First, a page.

Skip Vassar midterm talk, go for soothing nature walk

Courtesy of Talya Phelps

If you’ve already run through the gorgeous hiking locations recommended in our last issue, fear not: We have three more suggestions from Vassar Outing Club Co-President Charles Hooghkirk ’19, plus a fourth recommendation from the author, each an ideal location for leisure and leaf-peeping.

1. Bash Bish Falls

If impending midterms are getting you down, make tracks to Bash Bish. Sometimes all you need to feel refreshed is a peaceful moment perched on a rock, watching a waterfall crash endlessly down into a clear blue pool and feeling its gentle spray. Don’t worry if you’re physically burnt out, too; this hike is less than two miles round-trip. If you begin your journey at the parking lot on the New York side, which
is off NY-344, you will enjoy a leisurely, fairly flat walk to the Falls, clocking in at one and a half miles both ways. If you choose to continue
down the road a mile to the parking lot off Falls Road on the Massachusetts side, your trek will be steeper but shorter (one mile round trip), and you will be offered the chance to take a quick detour up to a scenic view of Bash Bish Gorge. Exercise caution as you descend the staircase to the Falls and choose your viewing spot, as the rocks can be slippery, and then settle in for a picnic, a snooze and a break from reality in this magical spot (Hike the Hudson Vallet, “Bash Bish Falls”).

 2. Dutchess Rail Trail

Calling all bikers who are tired of riding the route from Main to the Deece:  It’s time to branch out, and the 13-mile Rail Trail is the perfect place to do so. This lengthy trail–which runs along what was once the Maybrook Rail corridor through Poughkeepsie, LaGrange, Wappinger and East Fishkill –is ideal for either biking or hiking. In fact, it was named Best Hiking Trail in the Hudson Valley by Hudson Valley magazine in 2015 (, “Williams R. Steinhaus Dutchess Rail Trail”). At its northern end, the trail shares a parking lot with Walkway Over the Hudson, which is also well worth a visit, espe- cially if your dorm room is in a decrepit state, and you need somewhere pretty to take your parents. From here, the trail heads east, passing a golf course and Morgan Lake Park; turning south, it continues through Arlington and La- Grange via a mix of new bridges and converted railroad trestles and tunnels. Finally, the trail ends just past Hopewell Depot, where you can stop in to soak up some local railroad history and info about the trail you’ve just completed. Given the Rail Trail’s length and flat terrain, the ways you can utilize it are limited only by your imagination: Perhaps now is the time to dig out your rollerblades and give them a whirl (TrailLink, “William R. Steinhaus Dutchess Rail Trail Facts”).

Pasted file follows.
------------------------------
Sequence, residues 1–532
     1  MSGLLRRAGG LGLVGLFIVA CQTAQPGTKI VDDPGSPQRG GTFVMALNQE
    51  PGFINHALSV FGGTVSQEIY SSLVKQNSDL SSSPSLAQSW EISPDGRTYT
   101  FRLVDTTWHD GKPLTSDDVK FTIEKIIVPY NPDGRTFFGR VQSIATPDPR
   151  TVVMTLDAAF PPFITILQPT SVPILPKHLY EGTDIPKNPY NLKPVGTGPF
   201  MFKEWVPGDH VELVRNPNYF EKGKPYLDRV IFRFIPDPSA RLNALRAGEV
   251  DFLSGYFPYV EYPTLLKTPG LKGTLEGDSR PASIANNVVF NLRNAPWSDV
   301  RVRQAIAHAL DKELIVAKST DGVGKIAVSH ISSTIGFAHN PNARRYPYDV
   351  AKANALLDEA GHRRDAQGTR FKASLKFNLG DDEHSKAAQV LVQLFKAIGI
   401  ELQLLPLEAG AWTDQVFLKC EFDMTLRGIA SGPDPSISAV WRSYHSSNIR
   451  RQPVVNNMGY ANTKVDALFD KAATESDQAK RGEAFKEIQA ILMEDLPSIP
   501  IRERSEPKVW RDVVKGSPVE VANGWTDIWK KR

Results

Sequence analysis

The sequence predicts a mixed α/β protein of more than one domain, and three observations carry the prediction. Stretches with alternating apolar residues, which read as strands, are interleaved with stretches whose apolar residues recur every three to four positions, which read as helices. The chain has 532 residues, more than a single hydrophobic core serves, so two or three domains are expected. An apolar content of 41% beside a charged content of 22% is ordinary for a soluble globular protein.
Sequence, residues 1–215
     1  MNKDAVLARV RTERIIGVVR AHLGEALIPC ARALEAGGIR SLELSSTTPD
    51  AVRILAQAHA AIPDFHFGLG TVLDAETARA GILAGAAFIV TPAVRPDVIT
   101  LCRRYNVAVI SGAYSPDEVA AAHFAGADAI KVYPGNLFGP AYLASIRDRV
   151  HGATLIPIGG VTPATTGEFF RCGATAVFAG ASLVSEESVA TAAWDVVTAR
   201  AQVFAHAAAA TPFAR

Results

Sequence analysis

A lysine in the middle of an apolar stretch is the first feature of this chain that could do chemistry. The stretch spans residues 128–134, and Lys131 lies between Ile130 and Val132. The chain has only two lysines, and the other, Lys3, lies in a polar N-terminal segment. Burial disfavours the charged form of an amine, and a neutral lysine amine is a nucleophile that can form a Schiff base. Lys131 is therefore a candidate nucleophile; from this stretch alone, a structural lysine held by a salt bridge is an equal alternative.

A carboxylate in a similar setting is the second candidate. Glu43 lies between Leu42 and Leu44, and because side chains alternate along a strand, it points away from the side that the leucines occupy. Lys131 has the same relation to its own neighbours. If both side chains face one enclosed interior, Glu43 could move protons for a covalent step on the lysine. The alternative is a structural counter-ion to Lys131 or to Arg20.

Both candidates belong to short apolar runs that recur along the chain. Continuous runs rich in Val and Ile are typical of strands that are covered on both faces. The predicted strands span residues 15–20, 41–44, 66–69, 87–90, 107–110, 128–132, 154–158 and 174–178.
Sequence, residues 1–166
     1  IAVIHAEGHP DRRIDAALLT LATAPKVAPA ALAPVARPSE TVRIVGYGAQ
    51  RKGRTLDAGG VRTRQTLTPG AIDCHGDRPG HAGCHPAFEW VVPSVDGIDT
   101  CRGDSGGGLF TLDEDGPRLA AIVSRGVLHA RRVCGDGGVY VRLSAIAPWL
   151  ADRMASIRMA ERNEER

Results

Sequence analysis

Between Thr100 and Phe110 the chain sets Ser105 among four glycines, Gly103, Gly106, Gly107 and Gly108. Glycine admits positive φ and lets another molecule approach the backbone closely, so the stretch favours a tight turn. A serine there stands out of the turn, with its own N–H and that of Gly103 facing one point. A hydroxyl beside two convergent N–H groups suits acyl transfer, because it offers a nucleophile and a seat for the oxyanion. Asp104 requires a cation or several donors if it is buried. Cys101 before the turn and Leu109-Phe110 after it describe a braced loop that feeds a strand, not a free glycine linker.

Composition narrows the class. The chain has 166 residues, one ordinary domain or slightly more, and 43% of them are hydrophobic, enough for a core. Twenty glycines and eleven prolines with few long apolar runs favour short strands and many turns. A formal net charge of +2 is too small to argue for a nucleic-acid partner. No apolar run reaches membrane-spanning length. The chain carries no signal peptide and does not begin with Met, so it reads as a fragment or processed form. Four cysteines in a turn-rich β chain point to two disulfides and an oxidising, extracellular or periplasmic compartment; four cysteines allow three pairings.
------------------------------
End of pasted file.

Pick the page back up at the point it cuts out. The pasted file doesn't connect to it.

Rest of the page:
3. Breakneck Ridge 

Hike this one while you can! The Breakneck Ridge trail, a rock scramble offering incredible views of the Valley, is scheduled to close at the beginning of 2018 for a full year of restorations and improvements. Starting in January, efforts will begin to repair the existing four-mile trail as well as to build a half-mile walking path from the nearby train platform and create new parking areas to accommodate the hike’s sky-high popularity (Lohud, “Breakneck Ridge hiking trail to close for restoration,” 09.21.17). As you follow the White Trail up the hill, the first overlook offers a view of Storm King Mountain, Pollepel Island, Bannerman’s Castle and the Newburgh-Beacon Bridge. After a steep climb totaling a mile in length, you will at last reach the summit. From here, you can enjoy the more leisurely loop descent by following the White Trail to a left on the Red Trail, also known as the “Breakneck Bypass.” You can then turn left again onto the Yellow Trail and head back to your car, exhausted but hopefully exhilarated, via Route 9D (Hike the Hudson Vallet, “Breakneck Ridge”).

4. Poet’s Walk

Named for Washington Irving and other literary greats who reportedly hiked its grounds, Poets’ Walk was fashioned into its current iteration in the mid-1800s by German landscape architect Hans Jacob Ethers (Scenic Hudson, “Poets’ Walk Park). The two-mile stroll, located in Red Hook, offers views of the Catskills and the Kingston-Rhinecliff bridge without the challenge of a steep mountain hike. The initial gravel trail passes an ornate gazebo before looping along the river and through the woods, studded with bridges, benches and cedar pavilions (Hike the Hudson Vallet, “Poets’ Walk”). Given that the park is secluded from civilization by 780 surrounding acres of protected land, it’s no surprise that Irving reportedly had the idea for “Rip Van Winkle” there (Scenic Hudson). Don’t delay–head to this peaceful spot today, and wait for inspiration for your overdue essay to strike.

Leave a Reply

Your email address will not be published. Required fields are marked *

The Miscellany News reserves the right to publish or not publish any comment submitted for approval on our website. Factors that could cause a comment to be rejected include, but are not limited to, personal attacks, inappropriate language, statements or points unrelated to the article, and unfounded or baseless claims. Additionally, The Misc reserves the right to reject any comment that exceeds 250 words in length. There is no guarantee that a comment will be published, and one week after the article’s release, it is less likely that your comment will be accepted. Any questions or concerns regarding our comments section can be directed to